Tuesday, April 11, 2006

Relax With Marion County Libertarians

Travis Cross has done great things in putting together a strong Marion County Libertarian Meet-Up group, and also a regular after-hours meet-up.

Tomorrow will be one of the after-hours events. Meet at Bearno's Pizza downtown (Google Map) beginning at 5:00pm and talk politics and issues of the day with other supporters of free markets and individual freedom! You can RSVP here if you want to be included in future notifications of Marion County Libertarian Meet-Up events, or simply show up.
New Poll Time

The Libertarian Party of Indiana hosts annual state conventions, attracting delegates from all over Indiana who vote on party business. Link to LPIN State Convention info.

The 2006 state convention is in the most important of the four-year election cycles, as it nominates the party's candidate for Secretary of State. The SoS candidate's outcome in November determines the LPIN's ballot status. The candidates for other statewide offices, such as Auditor and Treasurer will also be nomindated, along with candidates for State Representative, State Senator, and others.

Do you plan to attend your party's state convention? Take the poll!

Here are the results of the last poll:

When the Libertarian Party earns Major Party status this year, it will be eligible to participate in the 2007 Primaries. The LPIN should:

57% Take the moral high road and opt out. Continue to spare taxpayers the expense, and nominate candidates at party-funded conventions.

29% Participate in the Primaries. It shows Hoosiers the LP is major just like Rs & Ds.

14% Participate in the Primaries. The Rs & Ds use them to figure out who will be their volunteers and contributors. Why should they enjoy this advantage?

This was pretty much as I thought it would be. It would be interesting to poll this question seriously among Hoosiers statewide. I don't think most citizens give much thought to the question of how the primaries are funded, and to the benefit of whom. If they did, I think they would want a change.

Sunday, April 09, 2006

NK Hurst "Update"

If two parties come to an agreement in principle in January, it doesn't necessarily mean that the documents have to be signed in any kind of hurry, does it?

Not if the Stadium Authority is involved, apparently. Oh, sure, they'll commission digging half-way to China and piling the soil such that it dwarfs the NK Hurst building (is that intimidation?) before construction season even begins, but sign an important deal that sends a signal of good faith? Bah. Why rush? From John Ketzenberger's Indy Star report:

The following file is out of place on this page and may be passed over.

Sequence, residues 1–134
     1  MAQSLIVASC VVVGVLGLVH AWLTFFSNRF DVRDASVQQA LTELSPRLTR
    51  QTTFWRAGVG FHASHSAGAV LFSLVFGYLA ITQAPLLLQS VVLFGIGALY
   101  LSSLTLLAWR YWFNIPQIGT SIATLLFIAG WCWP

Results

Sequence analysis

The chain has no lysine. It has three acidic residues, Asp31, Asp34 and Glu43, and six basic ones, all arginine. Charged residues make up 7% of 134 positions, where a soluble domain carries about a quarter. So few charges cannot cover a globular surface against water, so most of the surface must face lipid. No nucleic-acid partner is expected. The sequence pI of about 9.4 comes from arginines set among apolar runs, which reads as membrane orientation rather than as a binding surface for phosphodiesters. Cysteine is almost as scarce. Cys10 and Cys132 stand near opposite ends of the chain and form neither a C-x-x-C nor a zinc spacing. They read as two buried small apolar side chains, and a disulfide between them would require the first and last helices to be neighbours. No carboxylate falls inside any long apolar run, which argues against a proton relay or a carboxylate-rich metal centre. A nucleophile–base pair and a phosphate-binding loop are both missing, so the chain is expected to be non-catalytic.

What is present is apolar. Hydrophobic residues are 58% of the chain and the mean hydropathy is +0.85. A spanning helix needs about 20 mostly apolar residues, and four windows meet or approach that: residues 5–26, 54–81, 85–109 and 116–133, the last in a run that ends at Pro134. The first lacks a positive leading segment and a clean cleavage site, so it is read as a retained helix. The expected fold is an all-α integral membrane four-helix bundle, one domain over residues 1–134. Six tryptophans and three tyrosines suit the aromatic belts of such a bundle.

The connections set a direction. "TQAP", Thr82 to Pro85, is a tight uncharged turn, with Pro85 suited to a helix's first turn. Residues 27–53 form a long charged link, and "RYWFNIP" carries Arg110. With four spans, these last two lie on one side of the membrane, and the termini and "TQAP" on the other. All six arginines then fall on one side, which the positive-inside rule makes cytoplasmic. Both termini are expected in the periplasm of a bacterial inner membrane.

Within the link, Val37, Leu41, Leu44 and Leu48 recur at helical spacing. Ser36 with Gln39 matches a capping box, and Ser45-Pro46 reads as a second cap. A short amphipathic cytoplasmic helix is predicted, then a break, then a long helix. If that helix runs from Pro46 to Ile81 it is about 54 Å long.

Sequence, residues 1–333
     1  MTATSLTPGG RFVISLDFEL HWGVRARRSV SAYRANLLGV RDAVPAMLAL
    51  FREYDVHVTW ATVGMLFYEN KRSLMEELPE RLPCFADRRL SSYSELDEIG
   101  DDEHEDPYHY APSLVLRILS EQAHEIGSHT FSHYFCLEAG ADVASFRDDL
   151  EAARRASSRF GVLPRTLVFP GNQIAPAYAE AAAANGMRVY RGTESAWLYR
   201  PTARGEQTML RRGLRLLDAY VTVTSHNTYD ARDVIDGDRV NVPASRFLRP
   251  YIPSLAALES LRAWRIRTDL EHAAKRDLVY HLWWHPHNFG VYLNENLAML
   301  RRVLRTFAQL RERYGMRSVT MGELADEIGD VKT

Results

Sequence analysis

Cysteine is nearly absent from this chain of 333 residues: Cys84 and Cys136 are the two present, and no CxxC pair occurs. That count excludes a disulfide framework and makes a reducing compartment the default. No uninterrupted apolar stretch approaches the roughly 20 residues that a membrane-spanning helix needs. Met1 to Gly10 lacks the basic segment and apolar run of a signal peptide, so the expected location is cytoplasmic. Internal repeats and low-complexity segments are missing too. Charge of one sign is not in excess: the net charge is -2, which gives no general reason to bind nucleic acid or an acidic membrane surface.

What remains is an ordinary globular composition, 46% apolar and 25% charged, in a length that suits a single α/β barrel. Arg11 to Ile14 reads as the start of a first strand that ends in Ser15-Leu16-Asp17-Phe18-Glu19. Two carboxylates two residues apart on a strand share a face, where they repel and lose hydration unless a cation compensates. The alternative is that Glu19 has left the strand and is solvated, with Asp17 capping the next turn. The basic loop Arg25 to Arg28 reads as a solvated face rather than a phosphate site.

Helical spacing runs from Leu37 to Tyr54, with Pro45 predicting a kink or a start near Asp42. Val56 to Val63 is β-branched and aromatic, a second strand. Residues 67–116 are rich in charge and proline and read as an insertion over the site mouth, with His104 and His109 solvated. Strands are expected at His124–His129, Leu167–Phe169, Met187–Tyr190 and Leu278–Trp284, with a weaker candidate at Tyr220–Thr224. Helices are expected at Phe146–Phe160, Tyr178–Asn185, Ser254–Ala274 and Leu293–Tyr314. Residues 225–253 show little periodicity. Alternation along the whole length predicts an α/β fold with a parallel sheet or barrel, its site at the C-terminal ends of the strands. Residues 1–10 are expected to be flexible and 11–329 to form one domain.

Optimism ran high after a marathon meeting Jan. 21 between the two sides. The grueling nine-hour session ended with an agreement in principle: The company could stay on the property and would be paid for a 3-acre parcel shared with the stadium, if it agreed to give control of the land to the state.

Emotions ebbed and flowed at that meeting, the first face-to-face gathering since the state filed suit Dec. 30 to take the land. The breakthrough came at mid-afternoon, according to people at the meeting, when stadium authority member John Mutz made it clear the Hursts could stay on the land.

A few days after the big meeting, Mutz, a Broad Ripple High School classmate of company exec Needham Hurst, predicted a done deal in short order.

Now it's nearing mid-April, and the huge mound of dirt just west of the two-story Hurst factory is at least triple the height of the brick building's roofline.
I don't know if the Star ran pictures of the mound in the print version (I don't buy the Star because they don't cover Libertarians enough), so here's one of mine, from March 16. Somehow, it doesn't convey the feeling of being there. Oh, that's right- if you take the photo from the other side of the mound, you can't see the building at all.

(T)he Hursts got a tour of the site, including a trip to the top of the dirt mound Jim Hurst called Mount Klipsch in honor of the stadium authority's point man, John Klipsch. "I told him that," Hurst said, "and he thought it was pretty funny."
If you can't laugh about it, you might cry. Let's hope this thing ends as it should- on terms favorable to the Hursts. Then let's pray we never see another pointless, ugly eminent domain theft attempt in Central Indiana again.
Abdul On Stage

After a year of hearing about radio host Abdul Hakim-Shabazz having the stand-up comic alter ego for about a year, I finally got to witness his act, and without having to drive to Springfield, IL, where he often goes to do it.

Abdul opened for former Saturday Night Live cast member Victoria Jackson last night at Crackers in Broad Ripple, and in my opinion, was the best of the three comics this evening.

My favorite Abdul gag was the one about frivilous racial lawsuits, such as the recent one against Southwest Airlines. Abdul's got his own waiting in the wings. It has to do with opening aspirin bottles and having to pick cotton out of them. Abdul warmed to his routine as he progressed through it and won the crowd over by time he handed the mic off to the next comic.

He's been saying on his morning show that there is a lot of material in his act that he can't use on WXNT. He delivered in that as much as I've heard him on the air, there were plenty of lines I've never heard from him before, and actually, he probably could use it on the air without any worries from the FCC.

I ended up feeling a bit sorry for Jackson. It can't be good for the self-esteem trading on the good ol' SNL days, being a platinum blond telling dumb blond jokes, and getting some of the biggest applause for doing a handstand.